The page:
So the reticular activating systems is cool part of your brain where it'll tie in like a sight, smell and emotion to to to your experience. So you will remember the emotion and the smell of that time, which will put you back in that exact moment. So if you've done stress eating in the past, your body is going to be more apt when you see those cues or smell those smells to go right back into that habit because you're reticular activating system is going to go, hey, yellow car, yellow car, yellow car, like you're seeing it again. So knowing what your body is doing because the hormones or the master control is just going to give you so much more power in knowing I can get through this.

Yeah, it's it's kicking on because it makes sense. So the body loves having a of a storage of fat and you know, it'll keep storing the fat until it, it, it can eventually kill you. You know, based on comorbidities later on in life, it will just keep doing it because it's saving it for a rainy day. And if it has access to more calories coming in all throughout the day because you're used to eating three meals a day, a couple of snacks in there, too, it's just going to keep piling it on as a survival mechanism. So, you know, it doesn't take that long to bring down the.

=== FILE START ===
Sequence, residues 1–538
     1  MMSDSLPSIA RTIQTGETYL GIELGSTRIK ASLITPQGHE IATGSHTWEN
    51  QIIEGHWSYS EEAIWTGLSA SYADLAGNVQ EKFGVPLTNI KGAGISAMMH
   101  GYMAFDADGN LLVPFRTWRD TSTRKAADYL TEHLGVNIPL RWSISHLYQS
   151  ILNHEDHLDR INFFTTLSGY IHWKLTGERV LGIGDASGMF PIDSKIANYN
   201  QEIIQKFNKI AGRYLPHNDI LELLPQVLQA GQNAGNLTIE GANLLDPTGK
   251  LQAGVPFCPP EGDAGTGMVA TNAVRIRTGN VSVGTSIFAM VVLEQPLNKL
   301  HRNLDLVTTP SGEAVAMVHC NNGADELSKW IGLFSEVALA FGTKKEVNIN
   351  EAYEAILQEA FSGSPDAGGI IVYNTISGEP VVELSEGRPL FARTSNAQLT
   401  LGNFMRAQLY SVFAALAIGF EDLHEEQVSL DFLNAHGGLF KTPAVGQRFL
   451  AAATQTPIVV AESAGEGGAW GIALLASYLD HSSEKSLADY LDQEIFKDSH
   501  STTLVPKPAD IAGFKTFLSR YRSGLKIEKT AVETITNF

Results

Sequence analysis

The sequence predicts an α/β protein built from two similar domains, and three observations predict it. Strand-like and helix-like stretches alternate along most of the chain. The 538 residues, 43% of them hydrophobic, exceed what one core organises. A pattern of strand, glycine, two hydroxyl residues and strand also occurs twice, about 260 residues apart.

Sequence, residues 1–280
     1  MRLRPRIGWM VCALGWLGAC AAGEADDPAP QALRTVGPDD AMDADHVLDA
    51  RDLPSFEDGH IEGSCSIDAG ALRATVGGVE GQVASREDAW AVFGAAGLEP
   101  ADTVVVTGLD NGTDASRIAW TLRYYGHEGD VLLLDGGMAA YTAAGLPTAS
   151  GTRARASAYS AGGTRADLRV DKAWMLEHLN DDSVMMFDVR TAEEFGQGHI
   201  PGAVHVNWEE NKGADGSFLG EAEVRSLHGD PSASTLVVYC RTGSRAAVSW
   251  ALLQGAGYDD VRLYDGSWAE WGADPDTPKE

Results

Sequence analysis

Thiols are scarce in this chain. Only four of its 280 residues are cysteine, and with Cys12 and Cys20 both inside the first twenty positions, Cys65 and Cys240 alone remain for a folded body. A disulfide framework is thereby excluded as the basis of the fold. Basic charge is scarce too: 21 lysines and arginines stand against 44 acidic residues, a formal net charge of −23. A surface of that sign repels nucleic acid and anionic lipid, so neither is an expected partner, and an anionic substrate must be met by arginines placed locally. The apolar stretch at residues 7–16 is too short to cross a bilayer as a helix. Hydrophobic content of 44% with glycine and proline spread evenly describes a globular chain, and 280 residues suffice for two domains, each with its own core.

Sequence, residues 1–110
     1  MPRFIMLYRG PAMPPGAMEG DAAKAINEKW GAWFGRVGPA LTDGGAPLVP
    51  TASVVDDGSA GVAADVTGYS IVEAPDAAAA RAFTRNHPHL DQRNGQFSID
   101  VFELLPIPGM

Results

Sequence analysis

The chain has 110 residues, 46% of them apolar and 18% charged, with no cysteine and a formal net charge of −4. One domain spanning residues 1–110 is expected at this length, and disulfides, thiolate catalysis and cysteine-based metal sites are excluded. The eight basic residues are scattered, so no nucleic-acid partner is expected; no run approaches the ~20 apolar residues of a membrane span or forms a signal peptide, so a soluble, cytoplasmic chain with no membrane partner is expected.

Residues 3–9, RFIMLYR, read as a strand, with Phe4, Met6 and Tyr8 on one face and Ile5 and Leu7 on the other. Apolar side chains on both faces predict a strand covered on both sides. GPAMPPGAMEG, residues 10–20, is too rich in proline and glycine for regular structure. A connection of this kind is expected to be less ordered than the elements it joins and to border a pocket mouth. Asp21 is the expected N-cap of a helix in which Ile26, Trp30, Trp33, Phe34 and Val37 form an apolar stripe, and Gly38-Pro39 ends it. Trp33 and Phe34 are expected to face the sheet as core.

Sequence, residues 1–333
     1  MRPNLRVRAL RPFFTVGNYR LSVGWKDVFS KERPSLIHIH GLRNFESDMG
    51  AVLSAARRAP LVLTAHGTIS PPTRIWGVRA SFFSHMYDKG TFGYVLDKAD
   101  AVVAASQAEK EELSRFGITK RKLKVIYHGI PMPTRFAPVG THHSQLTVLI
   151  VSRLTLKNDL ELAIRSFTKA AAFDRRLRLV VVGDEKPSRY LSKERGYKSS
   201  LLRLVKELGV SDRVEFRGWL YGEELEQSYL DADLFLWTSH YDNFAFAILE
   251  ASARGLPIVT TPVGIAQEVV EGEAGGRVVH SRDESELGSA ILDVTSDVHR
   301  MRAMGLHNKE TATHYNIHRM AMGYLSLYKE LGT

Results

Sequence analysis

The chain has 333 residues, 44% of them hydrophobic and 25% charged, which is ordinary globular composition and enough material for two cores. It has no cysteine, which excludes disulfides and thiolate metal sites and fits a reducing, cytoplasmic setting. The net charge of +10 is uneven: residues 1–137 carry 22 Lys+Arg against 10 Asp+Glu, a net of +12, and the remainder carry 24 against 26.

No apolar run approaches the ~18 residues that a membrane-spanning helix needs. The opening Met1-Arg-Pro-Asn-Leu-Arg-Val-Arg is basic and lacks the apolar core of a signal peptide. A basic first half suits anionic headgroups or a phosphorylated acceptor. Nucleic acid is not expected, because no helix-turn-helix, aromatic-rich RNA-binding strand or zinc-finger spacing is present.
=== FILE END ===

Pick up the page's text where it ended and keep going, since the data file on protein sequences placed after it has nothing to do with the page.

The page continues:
The warning bells, bring down this a fallick phase for it to calm down and actually allow, you know, fat burning, which is what happens as you get into ketosis.

And then it it once it taps into those calories, it doesn't have as much of a reason to to fire the alarms at any given side of food.

And there's so when we talk to Fallick face, like it's a real physiological principle, but there's a lot of nuance in gray area in between how fasting works for an individual. So it's really figuring out what works for you. Right. So you just kind of got to try and test and try and test. We've had some conversations recently where it's like I did my first thirty six hour fast and it was awful.

I'm like, yeah, the first one was tough because you've never done it. It's like, OK, let me just go out and run a marathon. Yeah. OK.